The association between post-traumatic stress-related symptoms, resilience, current stress and past exposure to violence: a cross sectional study of the survival of Quechua women in the aftermath of the Peruvian armed conflict
Eliana B. Suarez, 23 Oct 2013
“The long lasting resilience of individuals and communities affected by mass violence has not been given equal prominence as their suffering. This has often led to psychosocial interventions in post-conflict zones being unresponsive to local realities and ill-equipped to foster local strengths. Responding to the renewed interest in resilience in the field of violence and health, this study examines the resilience and post-traumatic responses of Indigenous Quechua women in the aftermath of the political violence in Peru (1980–2000).”
Amnesty International, 2020
Faced with an unprecedented pandemic, governments across the Americas have begun to respond to COVID-19 in a variety of ways, ranging from calling for states of emergencies, to imposing travel bans, to implementing quarantines. Stakes are high and the way governments respond to this pandemic could determine the future of millions of people.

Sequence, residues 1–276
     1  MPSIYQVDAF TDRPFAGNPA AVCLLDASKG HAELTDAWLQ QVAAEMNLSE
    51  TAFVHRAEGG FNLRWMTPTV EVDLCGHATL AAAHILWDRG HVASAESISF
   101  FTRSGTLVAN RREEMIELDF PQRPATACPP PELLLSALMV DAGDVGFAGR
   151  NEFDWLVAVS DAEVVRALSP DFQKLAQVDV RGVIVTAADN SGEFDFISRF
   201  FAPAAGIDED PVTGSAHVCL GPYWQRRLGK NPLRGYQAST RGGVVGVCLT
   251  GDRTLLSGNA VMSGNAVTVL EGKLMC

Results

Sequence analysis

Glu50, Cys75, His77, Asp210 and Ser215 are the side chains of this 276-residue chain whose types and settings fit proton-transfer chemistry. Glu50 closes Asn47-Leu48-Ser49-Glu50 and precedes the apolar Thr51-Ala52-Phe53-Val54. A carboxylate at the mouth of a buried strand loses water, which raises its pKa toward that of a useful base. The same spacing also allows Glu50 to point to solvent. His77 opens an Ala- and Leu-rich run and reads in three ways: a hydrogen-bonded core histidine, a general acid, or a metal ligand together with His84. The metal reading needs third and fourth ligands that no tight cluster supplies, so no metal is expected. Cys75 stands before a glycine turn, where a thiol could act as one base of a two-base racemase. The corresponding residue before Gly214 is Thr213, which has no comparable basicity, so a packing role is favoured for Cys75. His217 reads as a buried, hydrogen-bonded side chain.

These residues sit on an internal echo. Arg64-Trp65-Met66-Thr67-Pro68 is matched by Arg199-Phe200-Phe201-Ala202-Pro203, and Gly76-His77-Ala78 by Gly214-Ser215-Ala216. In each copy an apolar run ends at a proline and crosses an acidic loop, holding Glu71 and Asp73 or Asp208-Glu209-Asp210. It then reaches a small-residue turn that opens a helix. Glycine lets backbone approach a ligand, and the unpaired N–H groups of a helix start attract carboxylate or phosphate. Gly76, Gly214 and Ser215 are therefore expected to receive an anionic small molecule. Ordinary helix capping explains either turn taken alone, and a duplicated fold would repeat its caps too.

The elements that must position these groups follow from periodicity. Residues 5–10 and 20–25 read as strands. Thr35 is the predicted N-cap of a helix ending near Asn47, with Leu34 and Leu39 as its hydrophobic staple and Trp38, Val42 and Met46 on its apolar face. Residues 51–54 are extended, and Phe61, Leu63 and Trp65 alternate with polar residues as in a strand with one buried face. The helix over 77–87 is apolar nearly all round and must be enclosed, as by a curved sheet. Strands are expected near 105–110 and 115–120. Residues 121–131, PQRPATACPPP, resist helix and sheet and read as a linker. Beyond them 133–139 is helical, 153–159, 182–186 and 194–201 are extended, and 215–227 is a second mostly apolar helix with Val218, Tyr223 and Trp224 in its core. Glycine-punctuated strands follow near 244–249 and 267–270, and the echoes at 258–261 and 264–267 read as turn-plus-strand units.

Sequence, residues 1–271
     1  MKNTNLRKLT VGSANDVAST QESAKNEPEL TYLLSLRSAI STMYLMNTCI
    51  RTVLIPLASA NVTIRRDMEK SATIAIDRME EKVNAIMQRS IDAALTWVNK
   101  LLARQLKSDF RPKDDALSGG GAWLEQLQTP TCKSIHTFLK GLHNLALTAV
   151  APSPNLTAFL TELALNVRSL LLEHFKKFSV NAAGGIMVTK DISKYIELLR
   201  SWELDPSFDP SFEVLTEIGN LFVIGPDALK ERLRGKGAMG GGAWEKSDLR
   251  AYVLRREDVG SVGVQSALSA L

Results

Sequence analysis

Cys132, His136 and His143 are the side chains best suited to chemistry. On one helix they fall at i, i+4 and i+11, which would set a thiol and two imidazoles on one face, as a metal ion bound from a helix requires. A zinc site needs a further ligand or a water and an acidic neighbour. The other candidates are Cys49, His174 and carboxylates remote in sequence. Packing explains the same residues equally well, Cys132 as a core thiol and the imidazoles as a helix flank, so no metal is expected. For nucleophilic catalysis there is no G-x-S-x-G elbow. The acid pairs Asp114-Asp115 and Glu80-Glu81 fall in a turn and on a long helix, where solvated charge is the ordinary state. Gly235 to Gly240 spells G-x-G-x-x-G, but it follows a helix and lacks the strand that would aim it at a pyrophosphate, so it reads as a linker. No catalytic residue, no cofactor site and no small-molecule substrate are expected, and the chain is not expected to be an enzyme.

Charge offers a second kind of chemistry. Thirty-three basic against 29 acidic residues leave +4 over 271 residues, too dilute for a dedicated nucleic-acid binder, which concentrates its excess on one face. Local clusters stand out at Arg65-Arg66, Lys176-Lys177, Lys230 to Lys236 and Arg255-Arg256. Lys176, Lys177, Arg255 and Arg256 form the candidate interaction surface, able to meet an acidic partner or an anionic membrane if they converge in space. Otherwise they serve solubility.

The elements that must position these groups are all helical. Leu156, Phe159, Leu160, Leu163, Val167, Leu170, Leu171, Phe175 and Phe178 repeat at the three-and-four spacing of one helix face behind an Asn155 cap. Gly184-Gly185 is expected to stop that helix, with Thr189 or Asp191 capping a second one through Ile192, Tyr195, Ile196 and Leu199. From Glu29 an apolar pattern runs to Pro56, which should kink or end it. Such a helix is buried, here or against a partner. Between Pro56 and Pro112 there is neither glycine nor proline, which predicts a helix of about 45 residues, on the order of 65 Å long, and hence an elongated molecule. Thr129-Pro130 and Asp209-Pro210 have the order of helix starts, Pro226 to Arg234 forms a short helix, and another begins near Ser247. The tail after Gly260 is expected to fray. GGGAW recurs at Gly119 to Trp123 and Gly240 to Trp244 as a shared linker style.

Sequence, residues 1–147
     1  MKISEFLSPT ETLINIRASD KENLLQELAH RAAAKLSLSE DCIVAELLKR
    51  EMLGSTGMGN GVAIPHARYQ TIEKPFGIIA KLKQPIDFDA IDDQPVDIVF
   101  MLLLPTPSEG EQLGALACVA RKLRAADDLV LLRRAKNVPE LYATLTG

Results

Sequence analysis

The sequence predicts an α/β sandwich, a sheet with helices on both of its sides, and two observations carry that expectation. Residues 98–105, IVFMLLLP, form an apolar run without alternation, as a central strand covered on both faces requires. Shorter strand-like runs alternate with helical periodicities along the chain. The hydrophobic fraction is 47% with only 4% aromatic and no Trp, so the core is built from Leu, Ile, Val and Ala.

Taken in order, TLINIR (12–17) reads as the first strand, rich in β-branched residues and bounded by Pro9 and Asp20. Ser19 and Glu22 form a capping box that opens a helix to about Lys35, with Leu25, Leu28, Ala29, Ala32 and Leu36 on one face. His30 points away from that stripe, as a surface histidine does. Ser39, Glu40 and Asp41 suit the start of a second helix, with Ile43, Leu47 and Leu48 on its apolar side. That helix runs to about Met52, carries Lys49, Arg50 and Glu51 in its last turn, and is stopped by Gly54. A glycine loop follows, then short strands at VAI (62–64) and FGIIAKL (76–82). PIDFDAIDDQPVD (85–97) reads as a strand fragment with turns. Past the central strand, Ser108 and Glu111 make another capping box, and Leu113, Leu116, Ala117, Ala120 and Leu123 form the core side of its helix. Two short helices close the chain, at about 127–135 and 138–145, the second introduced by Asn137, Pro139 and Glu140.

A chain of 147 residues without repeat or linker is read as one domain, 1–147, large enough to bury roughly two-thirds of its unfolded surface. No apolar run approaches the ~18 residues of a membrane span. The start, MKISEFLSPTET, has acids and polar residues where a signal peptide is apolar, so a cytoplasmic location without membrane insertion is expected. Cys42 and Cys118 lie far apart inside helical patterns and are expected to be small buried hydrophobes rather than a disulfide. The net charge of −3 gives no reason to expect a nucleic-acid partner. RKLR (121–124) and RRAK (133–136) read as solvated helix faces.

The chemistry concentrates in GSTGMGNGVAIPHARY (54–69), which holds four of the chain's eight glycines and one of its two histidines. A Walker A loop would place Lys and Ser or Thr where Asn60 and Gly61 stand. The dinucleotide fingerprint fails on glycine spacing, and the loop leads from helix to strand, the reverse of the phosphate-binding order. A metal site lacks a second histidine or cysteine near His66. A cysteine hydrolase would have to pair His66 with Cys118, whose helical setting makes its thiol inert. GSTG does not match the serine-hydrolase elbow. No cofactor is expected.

Governments are ultimately responsible for protecting people and their human rights but have often failed to do so in the Americas. Deep inequality, structural discrimination, a tendency to revert to repressive policing, censorship, underfunded public health systems, and inadequate social security and labour protections long predate the outbreak of COVID-19 in the region.
Brazilian Ministry of Justice Amnesty Commission ICTJ ed. Reátegui, 2011
This book’s goal is to dialogue with the large and growing community of professionals, government officials, activists, and academics who are engaged in our region to promote the work of confronting the authoritarian or violent past of our countries. Latin America has become, in fact, one of the most dynamic areas in the search for routes to transitional justice in recent decades.
In many ways, researching violence against women is similar to researching other sensitive topics. There are issues of confidentiality, problems of disclosure, and the need to ensure adequate and informed consent. As the previous quote from an interviewer illustrates, however, there are aspects of gender-based violence research that transcend those in other areas becauseof the potentially threatening and traumatic nature of the subject matter. In the case of violence, the safety and even the lives of women respondents and interviewers may be at risk .